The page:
Sofa Jirau made history last week when she became the first model with Down syndrome to appear in a Victoria’s Secret campaign. The photographs are breathtaking, but the shoot’s announcement sparked indignation among some.
Critics have slammed her historic achievement as objectifying, claiming that it is immoral to sexualize someone with Down syndrome. While large swaths of the internet applaud a big milestone in disability portrayal, others express concern for her well-being.
Jirau is 24 years old and fully capable of making an educated decision regarding her participation in a campaign she describes as a “dream come true.”
Despite this, others say her independence is a ruse and that the campaign exploits her particular needs.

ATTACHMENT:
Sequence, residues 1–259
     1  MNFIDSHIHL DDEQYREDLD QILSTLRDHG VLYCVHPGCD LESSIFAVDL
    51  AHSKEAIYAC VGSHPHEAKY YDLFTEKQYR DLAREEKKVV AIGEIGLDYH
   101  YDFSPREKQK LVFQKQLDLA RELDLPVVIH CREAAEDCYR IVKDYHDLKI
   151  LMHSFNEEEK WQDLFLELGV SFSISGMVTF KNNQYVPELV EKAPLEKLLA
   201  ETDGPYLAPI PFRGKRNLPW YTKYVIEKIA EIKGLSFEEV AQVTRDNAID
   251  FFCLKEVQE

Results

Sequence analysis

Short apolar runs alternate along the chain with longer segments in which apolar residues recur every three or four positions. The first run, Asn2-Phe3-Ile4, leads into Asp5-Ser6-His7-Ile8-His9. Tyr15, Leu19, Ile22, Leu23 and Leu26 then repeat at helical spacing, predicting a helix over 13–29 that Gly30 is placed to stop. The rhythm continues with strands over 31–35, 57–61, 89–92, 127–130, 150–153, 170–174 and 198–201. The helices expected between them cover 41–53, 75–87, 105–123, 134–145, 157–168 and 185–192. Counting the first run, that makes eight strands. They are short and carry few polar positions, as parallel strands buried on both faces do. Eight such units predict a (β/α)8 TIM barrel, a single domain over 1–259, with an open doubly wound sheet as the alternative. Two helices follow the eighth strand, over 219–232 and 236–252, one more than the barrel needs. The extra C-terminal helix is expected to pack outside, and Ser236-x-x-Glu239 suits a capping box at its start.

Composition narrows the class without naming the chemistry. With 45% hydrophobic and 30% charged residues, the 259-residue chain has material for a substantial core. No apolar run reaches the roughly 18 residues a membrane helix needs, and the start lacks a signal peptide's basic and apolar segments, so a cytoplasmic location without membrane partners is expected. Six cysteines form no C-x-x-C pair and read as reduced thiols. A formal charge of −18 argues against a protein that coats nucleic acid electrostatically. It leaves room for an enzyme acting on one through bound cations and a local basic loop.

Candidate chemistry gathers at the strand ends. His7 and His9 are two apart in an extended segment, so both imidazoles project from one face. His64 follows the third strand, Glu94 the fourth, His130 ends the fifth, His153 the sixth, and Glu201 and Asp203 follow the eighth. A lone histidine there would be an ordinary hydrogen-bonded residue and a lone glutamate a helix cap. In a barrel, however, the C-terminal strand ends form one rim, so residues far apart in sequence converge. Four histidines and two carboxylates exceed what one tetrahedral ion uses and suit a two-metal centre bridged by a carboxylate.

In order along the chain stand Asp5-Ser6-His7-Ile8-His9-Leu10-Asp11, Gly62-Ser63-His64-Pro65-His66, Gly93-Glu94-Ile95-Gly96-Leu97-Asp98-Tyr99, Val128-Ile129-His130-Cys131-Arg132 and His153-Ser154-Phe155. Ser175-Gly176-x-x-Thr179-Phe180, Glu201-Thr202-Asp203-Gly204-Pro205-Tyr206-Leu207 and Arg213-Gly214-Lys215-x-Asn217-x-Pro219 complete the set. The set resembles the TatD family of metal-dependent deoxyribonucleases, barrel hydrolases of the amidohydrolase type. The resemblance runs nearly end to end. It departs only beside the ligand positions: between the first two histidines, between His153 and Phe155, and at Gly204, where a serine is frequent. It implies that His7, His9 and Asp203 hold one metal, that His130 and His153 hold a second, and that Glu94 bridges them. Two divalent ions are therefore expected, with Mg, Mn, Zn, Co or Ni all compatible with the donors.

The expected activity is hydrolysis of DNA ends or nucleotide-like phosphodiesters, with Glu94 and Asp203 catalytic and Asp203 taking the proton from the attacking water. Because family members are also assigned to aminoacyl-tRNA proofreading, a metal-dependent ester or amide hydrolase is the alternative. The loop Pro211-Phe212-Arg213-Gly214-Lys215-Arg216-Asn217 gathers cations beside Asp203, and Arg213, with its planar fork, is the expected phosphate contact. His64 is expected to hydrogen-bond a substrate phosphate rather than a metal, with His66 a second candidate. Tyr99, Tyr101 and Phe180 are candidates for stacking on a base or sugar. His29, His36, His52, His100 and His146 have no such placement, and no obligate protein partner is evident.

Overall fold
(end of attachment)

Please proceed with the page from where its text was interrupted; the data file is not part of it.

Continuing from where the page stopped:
This desexualisation of disabled lives still thrives today. Disabled sexuality is deemed “gross”, fetishised by people who see those with disabled bodies as kinks, not human beings, and sidelined in sex education. There are countless roots stemming from this toxic tree, which all contribute to stripping disabled people of agency, but one of the central players is infantilisation.
Non-disabled frequently treat disabled people as children without power or authority by deferring to carers or family members. They see sexualising us as equivalent to sexualising a child. But we are not children. We are adults with sexual desires and sensuality that should be celebrated.
An array of things, especially society’s deeply ingrained ableism and inadequate standards of sex education, need to be fixed before disabled sexuality is protected and celebrated. But these images from Victoria’s Secret are a crucial step on the long journey we still have ahead of us.
Our community needs the opportunity to be sexualised in safe, consensual and respectful environments – so give us the opportunities. I want to see disabled people strut on catwalks in lingerie, lounge in sexy sets on social media, engage in healthy relationships on TV, and glow on billboards 50 feet high.